Windows Small Business Server (formerly Microsoft Small Business Server – SBS) is an server suite from Microsoft designed for running a small and medium enterprises having no more than 75 workstations or users. Application server technologies are tightly integrated to enable small businesses with targeted solutions such as the Remote Web Workplace, and offer management benefits such as integrated setup, enhanced monitoring, a unified management console, and remote access.

Windows Small Business Server is available in Standard and Premium editions. The Standard edition is based on the Windows Server 2003 operating system, Microsoft Exchange Server mail server, Internet Information Services (IIS) web server, Windows SharePoint Services for collaboration, Microsoft Office Outlook 2003 email client, Routing and Remote Access Service (RRAS), Windows Server Update Services for update management across the network, and a Fax server. The Premium edition also includes Microsoft SQL Server, Microsoft Internet Security and Acceleration Server and Microsoft Office FrontPage 2003.

Windows Small Business Server has its own type of Client Access License (CAL), that is different and costs slightly more than CALs for the other editions of Windows Server 2003. However, the SBS CAL encompasses the user CALs for Windows Server, Exchange Server, SQL Server, and ISA Server, and hence is less expensive than buying all the other CALs individually.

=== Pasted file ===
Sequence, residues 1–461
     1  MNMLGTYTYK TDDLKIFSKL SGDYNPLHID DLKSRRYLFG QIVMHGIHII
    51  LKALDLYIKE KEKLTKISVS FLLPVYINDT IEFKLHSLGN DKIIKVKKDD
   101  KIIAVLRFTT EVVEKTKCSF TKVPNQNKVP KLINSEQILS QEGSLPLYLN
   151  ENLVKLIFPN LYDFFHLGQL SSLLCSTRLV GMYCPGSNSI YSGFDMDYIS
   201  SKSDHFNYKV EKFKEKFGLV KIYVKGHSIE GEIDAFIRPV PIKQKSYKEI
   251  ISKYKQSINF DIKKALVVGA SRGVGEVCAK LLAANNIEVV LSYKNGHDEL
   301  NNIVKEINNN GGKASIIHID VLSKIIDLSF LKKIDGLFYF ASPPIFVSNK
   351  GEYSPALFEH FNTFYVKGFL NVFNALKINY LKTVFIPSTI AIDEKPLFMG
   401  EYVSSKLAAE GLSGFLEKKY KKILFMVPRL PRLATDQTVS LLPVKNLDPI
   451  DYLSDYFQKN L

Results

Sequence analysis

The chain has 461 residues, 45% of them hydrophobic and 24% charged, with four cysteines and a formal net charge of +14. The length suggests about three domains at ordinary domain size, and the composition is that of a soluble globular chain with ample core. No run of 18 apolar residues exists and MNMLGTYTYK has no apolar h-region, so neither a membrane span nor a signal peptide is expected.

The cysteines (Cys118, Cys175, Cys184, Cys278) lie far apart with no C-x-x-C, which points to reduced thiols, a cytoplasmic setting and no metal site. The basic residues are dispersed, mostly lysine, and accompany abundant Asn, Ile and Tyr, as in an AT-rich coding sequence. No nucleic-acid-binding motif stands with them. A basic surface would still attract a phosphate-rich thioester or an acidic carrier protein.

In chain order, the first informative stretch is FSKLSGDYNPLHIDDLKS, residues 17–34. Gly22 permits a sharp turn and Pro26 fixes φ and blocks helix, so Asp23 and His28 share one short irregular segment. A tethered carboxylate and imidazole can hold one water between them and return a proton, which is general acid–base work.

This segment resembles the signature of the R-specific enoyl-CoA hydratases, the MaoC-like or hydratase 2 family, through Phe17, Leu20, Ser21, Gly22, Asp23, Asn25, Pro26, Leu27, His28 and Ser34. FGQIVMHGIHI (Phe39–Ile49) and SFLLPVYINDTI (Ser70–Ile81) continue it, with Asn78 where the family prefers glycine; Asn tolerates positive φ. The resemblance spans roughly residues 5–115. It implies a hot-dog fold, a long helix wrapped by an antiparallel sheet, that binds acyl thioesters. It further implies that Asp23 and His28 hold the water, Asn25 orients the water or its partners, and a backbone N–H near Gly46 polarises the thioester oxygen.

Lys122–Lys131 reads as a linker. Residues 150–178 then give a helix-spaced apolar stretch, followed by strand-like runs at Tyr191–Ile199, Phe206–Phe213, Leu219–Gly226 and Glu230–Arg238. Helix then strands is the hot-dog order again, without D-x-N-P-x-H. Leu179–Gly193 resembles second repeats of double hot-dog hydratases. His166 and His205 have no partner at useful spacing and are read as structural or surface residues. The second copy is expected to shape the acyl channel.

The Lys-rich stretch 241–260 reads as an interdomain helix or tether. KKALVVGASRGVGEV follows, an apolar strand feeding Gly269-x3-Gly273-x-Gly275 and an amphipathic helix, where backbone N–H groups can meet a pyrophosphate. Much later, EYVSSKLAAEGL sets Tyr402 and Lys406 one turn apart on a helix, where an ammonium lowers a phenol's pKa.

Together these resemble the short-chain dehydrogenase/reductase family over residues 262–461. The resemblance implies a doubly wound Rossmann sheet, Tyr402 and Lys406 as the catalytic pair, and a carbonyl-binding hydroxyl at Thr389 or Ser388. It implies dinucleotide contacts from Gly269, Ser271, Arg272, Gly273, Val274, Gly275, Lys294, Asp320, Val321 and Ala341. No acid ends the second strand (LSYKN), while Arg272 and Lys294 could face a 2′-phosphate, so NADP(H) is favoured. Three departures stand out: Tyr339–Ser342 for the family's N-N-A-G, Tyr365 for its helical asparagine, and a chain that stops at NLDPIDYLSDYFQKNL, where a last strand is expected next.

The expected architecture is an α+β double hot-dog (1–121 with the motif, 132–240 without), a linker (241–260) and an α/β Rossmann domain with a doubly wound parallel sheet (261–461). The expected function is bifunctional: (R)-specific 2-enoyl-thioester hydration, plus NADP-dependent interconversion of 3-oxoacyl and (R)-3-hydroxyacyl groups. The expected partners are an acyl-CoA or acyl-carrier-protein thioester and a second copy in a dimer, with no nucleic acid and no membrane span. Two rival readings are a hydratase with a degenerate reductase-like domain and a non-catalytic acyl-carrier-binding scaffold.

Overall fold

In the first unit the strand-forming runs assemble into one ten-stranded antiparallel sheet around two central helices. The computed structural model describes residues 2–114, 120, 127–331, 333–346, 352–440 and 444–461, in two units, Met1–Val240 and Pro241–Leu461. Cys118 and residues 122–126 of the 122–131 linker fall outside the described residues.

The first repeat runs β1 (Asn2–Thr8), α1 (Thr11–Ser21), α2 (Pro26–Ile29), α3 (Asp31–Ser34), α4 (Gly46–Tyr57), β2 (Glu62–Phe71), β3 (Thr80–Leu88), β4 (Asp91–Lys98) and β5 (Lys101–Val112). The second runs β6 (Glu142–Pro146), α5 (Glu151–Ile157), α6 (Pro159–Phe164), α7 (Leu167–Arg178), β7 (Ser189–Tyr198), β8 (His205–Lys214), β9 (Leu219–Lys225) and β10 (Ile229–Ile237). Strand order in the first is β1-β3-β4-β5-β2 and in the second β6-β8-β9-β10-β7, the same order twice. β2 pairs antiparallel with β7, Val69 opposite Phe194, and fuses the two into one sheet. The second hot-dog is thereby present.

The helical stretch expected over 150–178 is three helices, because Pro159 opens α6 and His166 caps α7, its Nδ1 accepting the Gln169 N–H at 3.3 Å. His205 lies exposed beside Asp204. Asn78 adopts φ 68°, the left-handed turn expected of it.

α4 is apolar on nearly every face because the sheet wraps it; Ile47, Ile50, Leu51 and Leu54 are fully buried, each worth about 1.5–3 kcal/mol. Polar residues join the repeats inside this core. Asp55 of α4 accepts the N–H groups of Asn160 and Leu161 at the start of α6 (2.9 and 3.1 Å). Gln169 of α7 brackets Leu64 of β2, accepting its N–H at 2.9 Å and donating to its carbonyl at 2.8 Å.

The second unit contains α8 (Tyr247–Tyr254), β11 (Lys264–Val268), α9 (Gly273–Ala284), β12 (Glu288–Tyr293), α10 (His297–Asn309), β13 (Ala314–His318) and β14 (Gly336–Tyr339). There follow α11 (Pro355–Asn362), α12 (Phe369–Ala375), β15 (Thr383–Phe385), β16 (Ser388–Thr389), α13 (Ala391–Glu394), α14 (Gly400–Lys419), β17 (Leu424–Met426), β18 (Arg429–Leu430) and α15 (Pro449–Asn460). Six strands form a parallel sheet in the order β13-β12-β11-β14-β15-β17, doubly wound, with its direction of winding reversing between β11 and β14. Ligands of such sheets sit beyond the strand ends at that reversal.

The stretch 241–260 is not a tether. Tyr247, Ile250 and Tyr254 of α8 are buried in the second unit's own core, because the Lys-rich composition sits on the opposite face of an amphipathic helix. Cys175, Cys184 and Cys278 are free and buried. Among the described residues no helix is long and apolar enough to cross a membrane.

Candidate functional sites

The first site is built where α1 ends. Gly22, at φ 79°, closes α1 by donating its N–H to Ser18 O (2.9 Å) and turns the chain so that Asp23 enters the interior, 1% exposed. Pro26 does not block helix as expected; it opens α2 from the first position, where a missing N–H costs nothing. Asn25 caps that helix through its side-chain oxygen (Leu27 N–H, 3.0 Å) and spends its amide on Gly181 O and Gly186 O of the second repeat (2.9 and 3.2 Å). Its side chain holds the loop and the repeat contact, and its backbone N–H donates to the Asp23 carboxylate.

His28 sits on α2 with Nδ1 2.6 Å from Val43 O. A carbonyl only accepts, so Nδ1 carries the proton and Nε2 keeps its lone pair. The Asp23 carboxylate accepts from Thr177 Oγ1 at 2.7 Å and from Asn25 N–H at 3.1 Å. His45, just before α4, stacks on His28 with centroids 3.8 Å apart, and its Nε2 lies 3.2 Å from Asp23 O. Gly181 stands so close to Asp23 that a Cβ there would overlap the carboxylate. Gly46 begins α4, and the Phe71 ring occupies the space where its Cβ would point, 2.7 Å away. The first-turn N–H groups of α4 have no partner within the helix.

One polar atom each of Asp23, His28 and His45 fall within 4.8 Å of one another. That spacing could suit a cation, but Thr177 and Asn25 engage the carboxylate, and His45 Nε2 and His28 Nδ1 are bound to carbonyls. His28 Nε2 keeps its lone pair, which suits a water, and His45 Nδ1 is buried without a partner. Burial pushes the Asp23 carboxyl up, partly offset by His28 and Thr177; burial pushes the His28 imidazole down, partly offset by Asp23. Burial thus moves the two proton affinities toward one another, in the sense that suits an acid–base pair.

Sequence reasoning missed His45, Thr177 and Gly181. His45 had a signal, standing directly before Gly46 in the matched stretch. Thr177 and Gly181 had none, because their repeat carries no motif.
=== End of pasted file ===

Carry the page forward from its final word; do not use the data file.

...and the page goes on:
Windows SBS has the following limitations:

Only one computer in a domain can be running Windows Server 2003 for Small Business Server.
Windows Small Business Server must be the root of the Active Directory forest.
Windows Small Business Server cannot trust any other domains. It cannot have any child domains.
Windows Small Business Server is limited to 75 users or devices depending on which type of CAL.
Only the Remote Desktop for Administration mode is available because Small Business Server always runs on the domain controller, and only two simultaneous RDP sessions are allowed. (Change from SBS 2000 policy)Terminal Services in application sharing mode needs to be run on a second server on the network.
To remove these restrictions and upgrade to regular editions of Windows Server, Exchange Server, SQL Server and ISA Server, there is a Windows Small Business Server 2003 R2 Transition Pack.
Initially, Small Business Server was marketed as an edition of Microsoft BackOffice Server. When Windows 2000 was released, it was marketed as Microsoft Small Business Server 2000, and finally was rebranded as a member of the Windows Server 2003 family.

It is technically not an ‘edition’ of Windows Server 2003 but rather a collection of server technologies optimized especially for small businesses. However, the application servers are tightly integrated into the operating system. Microsoft has also introduced a Windows Essential Business Server product aimed at medium-sized businesses.

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